Researchers, behavioural scientists, and marketing professionals will use a variety of methods to understand the impact of corporate social responsibility on brand image.  For example, they might conduct in-person focus groups or brand sentiment analyses online. They could also run data analysis projects using survey responses and questionnaires focused on consumer perceptions of a company’s CSR initiatives, as well as of the brand more generally, and then explore the relationship between customer perceptions and purchase intention or sales revenue.

CSR and marketing research can also use different statistical techniques, such as structural equation modelling (SEM), to analyse data and examine the complex relationships between multiple variables simultaneously. In the context of CSR and corporate image, SEM can help assess the direct and indirect effects of corporate social responsibility activities on brand-related perceptions. It can also reveal mediating roles and moderating effects, providing a comprehensive understanding of how CSR impacts corporate brand image.

The future for CSR and brands

The fields of corporate social responsibility and brand image continue to evolve, as does research in both areas.

For example, CSR and brand professionals are keen to conduct future research so they can better understand different dimensions of CSR, such as:

  • Long-term effects. What are the long-term positive effects of corporate social responsibility initiatives on brand image, brand performance, and wider financial performance? Understanding these answers can help companies make more informed strategic decisions about their CSR activities.
  • Employee perceptions. How do CSR activities influence employee perceptions of their own organisations, and – consequently – their commitment to the company? This information, and getting things right, can help increase employee motivation, engagement, and retention.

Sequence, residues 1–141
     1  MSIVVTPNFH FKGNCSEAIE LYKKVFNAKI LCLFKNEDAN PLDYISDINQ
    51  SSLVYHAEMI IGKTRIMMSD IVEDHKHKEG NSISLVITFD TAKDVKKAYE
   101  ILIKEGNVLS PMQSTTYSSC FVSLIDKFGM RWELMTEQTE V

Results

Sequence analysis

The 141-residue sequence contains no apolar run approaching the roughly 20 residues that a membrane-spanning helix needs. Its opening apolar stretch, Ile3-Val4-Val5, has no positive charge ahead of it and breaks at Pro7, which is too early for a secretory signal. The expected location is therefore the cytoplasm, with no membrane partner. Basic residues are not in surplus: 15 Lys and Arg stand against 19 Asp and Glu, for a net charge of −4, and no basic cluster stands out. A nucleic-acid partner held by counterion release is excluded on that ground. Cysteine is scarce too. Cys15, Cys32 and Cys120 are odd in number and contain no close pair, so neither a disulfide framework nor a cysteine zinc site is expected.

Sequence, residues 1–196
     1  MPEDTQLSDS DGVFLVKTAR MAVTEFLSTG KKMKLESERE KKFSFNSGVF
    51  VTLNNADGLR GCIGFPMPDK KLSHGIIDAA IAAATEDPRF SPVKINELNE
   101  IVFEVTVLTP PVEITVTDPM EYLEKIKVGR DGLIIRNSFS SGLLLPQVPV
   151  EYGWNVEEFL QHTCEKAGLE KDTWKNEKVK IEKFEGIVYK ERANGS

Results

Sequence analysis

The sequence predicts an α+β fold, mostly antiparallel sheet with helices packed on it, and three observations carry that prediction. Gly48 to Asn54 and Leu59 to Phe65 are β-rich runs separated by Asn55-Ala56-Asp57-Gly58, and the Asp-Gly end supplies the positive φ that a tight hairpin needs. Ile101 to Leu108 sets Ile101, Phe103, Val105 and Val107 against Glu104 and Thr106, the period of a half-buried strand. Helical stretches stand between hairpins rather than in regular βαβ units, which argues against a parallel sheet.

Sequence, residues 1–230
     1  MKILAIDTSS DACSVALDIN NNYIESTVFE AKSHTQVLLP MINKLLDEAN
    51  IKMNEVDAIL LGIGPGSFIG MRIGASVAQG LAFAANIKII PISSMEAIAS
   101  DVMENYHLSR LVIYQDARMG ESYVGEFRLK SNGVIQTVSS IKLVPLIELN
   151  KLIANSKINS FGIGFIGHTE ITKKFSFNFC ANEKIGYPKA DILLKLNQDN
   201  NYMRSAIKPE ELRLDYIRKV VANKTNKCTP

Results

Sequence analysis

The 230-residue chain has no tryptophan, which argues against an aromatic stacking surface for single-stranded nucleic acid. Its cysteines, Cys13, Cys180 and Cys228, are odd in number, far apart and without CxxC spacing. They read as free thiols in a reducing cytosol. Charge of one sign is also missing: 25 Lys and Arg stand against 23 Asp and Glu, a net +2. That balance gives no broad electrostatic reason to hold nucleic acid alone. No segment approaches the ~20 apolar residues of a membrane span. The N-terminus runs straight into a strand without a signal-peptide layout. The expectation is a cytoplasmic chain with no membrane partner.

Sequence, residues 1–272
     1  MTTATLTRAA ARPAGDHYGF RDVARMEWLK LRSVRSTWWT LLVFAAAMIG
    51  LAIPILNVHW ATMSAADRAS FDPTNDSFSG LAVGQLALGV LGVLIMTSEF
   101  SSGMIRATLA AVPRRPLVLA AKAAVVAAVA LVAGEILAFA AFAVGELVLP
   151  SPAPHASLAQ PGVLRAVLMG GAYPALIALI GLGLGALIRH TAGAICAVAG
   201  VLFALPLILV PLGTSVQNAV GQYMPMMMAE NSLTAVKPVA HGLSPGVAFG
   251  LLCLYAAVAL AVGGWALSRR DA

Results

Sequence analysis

• Quantifying brand value. Is there a more precise methodology for quantifying the positive impact of CSR on brand value? The development of new methods in this area could help support or build increased buy-in from senior stakeholders within organisations – stakeholders who ultimately determine which CSR activities are approved or not.

Emerging CSR trends

According to a 2023 Forbes article, 2023 CSR Trend Forecasts, some of the emerging trends in corporate social responsibility include:

  1. More emphasis on return on investment (ROI). In the current economic climate, it’s essential that CSR activities can demonstrate “direct ROI data to justify and secure budgets” and prove corporate social responsibility initiatives are determinants for business success.
  2. Social impact measurement. There’s currently a demand for social impact measurement to prove the significant impact companies have in enhancing or improving society. “Measurement must be comprehensive, transparent, authentic and truthful, and both the company and the nonprofits they work with have equal responsibility in creating and reporting on impact measurement.”
  3. New opportunities for underrepresented demographics. Businesses and organisations are increasingly adopting strategies that embrace diversity in a number of areas. Examples include “increasing shelf space for products created by minority-owned businesses; providing minority entrepreneurs with access to investment capital; minority employee, youth, and second-chance mentorship; DEI (diversity, equality and inclusion) grantmaking; and customer-facing fundraising campaigns.”